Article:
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Nature Vs. Nurture

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Nature vs. Nurture Paper Emily Turner

HP192, 3/13/01

For a long time, scientists and biologists have argued over whether our behavior is controlled solely by our genes or if the environment we are in has any effect. This is called nature versus nurture. No one knows which one dictates our behavior or if it is a combination of both. In this essay, I will attempt to answer some of the questions that come up in this age-old debate.

One question is, if genes control behavior, then is an individual really responsible for their actions? I think people are definitely responsible for their actions. I think that, while our genes may control some aspects of our personalities, there is no denying that our environment has some effects too. Our genes form us, but our experiences shape the way we behave as people. The people we grow up with, specifically our parents teach us ways of acting and thinking that we keep for the rest of our lives. A good example of this is television. When violent acts happen, people are quick to blame all the violence we see on TV, but why do some people act on this violence while others, who probably watch the same amount of television, do not commit any violent acts in their lifetime? I believe that it has to do with how a person grew up. If you grew up being told not to be violent and that television was just fiction, like I did, then you can sort out the violence on television from what happens and how people are supposed to act in real life. But if you were not told these things as a child, or you saw your parents participating in violence, then these lines between TV and reality become blurred. Scientists have also found out that, even though a person may have a certain behavior-controlling gene, it is not always active. This research puts the responsibility for actions back on the individual. Humans do have free will, and they can choose if they want to let their body or their mind control them.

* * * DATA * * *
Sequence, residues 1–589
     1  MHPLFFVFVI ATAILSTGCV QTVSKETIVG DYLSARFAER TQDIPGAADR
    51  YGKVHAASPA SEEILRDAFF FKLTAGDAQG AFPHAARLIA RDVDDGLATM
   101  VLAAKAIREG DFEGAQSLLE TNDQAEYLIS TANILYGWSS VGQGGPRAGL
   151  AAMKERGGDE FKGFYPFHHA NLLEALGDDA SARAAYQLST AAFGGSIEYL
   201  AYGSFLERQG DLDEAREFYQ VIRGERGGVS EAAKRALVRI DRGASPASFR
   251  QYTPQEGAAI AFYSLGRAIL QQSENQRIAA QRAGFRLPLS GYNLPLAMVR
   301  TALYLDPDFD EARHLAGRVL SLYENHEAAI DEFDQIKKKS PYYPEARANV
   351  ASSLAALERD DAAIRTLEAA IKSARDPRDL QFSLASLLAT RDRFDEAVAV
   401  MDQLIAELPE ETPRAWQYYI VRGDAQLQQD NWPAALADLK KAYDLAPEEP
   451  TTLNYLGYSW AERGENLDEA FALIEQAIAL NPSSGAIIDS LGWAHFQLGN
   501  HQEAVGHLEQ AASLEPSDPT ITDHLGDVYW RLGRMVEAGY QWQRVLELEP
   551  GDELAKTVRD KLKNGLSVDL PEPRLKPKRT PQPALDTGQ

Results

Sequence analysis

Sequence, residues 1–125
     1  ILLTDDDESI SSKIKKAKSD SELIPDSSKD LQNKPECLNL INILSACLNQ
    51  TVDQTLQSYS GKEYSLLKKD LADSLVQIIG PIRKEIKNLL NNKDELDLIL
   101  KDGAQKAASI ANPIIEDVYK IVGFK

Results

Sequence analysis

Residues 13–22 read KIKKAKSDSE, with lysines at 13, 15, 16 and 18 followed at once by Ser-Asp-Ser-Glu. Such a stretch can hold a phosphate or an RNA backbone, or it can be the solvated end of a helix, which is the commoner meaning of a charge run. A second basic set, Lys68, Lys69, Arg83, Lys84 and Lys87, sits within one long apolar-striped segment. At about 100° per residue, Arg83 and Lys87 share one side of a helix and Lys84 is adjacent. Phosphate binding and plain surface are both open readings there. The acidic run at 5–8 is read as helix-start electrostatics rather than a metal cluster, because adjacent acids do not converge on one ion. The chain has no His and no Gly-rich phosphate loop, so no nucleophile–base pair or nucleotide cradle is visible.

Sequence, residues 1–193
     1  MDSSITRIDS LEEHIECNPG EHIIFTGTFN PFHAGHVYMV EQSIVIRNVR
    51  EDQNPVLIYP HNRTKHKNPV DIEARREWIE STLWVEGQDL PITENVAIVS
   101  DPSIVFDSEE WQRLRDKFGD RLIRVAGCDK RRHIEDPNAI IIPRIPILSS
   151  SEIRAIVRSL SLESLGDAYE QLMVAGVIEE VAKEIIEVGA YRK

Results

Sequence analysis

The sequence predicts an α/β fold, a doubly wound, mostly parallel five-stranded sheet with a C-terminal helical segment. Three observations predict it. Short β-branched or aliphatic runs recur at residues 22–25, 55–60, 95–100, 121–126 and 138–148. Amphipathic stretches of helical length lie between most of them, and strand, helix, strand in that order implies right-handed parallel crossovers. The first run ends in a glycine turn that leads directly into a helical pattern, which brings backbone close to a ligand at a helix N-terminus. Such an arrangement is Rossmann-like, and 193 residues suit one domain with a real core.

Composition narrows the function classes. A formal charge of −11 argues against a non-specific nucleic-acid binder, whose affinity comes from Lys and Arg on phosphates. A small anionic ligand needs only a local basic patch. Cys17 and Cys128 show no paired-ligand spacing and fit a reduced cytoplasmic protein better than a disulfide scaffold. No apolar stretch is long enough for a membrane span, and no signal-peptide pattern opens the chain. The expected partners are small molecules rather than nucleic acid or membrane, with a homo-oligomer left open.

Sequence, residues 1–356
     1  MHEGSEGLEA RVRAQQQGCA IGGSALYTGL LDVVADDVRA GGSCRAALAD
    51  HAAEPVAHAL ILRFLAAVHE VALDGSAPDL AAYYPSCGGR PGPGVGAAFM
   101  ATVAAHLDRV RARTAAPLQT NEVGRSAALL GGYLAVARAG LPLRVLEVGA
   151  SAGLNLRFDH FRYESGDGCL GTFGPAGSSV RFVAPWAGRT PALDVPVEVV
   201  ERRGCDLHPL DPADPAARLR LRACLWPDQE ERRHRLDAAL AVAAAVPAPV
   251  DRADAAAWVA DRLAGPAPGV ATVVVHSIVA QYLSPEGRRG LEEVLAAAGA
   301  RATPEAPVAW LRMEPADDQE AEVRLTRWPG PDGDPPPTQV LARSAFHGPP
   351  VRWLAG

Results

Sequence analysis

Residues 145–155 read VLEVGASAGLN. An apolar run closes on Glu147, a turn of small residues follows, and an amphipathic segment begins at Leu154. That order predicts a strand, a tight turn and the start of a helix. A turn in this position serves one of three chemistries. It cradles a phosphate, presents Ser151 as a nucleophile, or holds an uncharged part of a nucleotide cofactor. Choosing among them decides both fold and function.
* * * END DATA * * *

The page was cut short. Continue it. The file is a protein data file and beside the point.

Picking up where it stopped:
Another question is, is a person doesn't have the "bad gene," but they commit a crime, are they more responsible. To look at this issue from a legal perspective, judges determine responsibility for actions by something called culpability. This term refers to a person's knowledge of their actions and the consequences. If a person doesn't know what they are doing, such as a mentally ill person who commits a crime, or they are not aware of the consequences, such as a child who plays with a parent's gun, then they cannot be legally held responsible. This would answer the previous question with an emphatic no. Culpability makes no mention of genes, so if you had the "bad gene" and you committed a crime that you were fully

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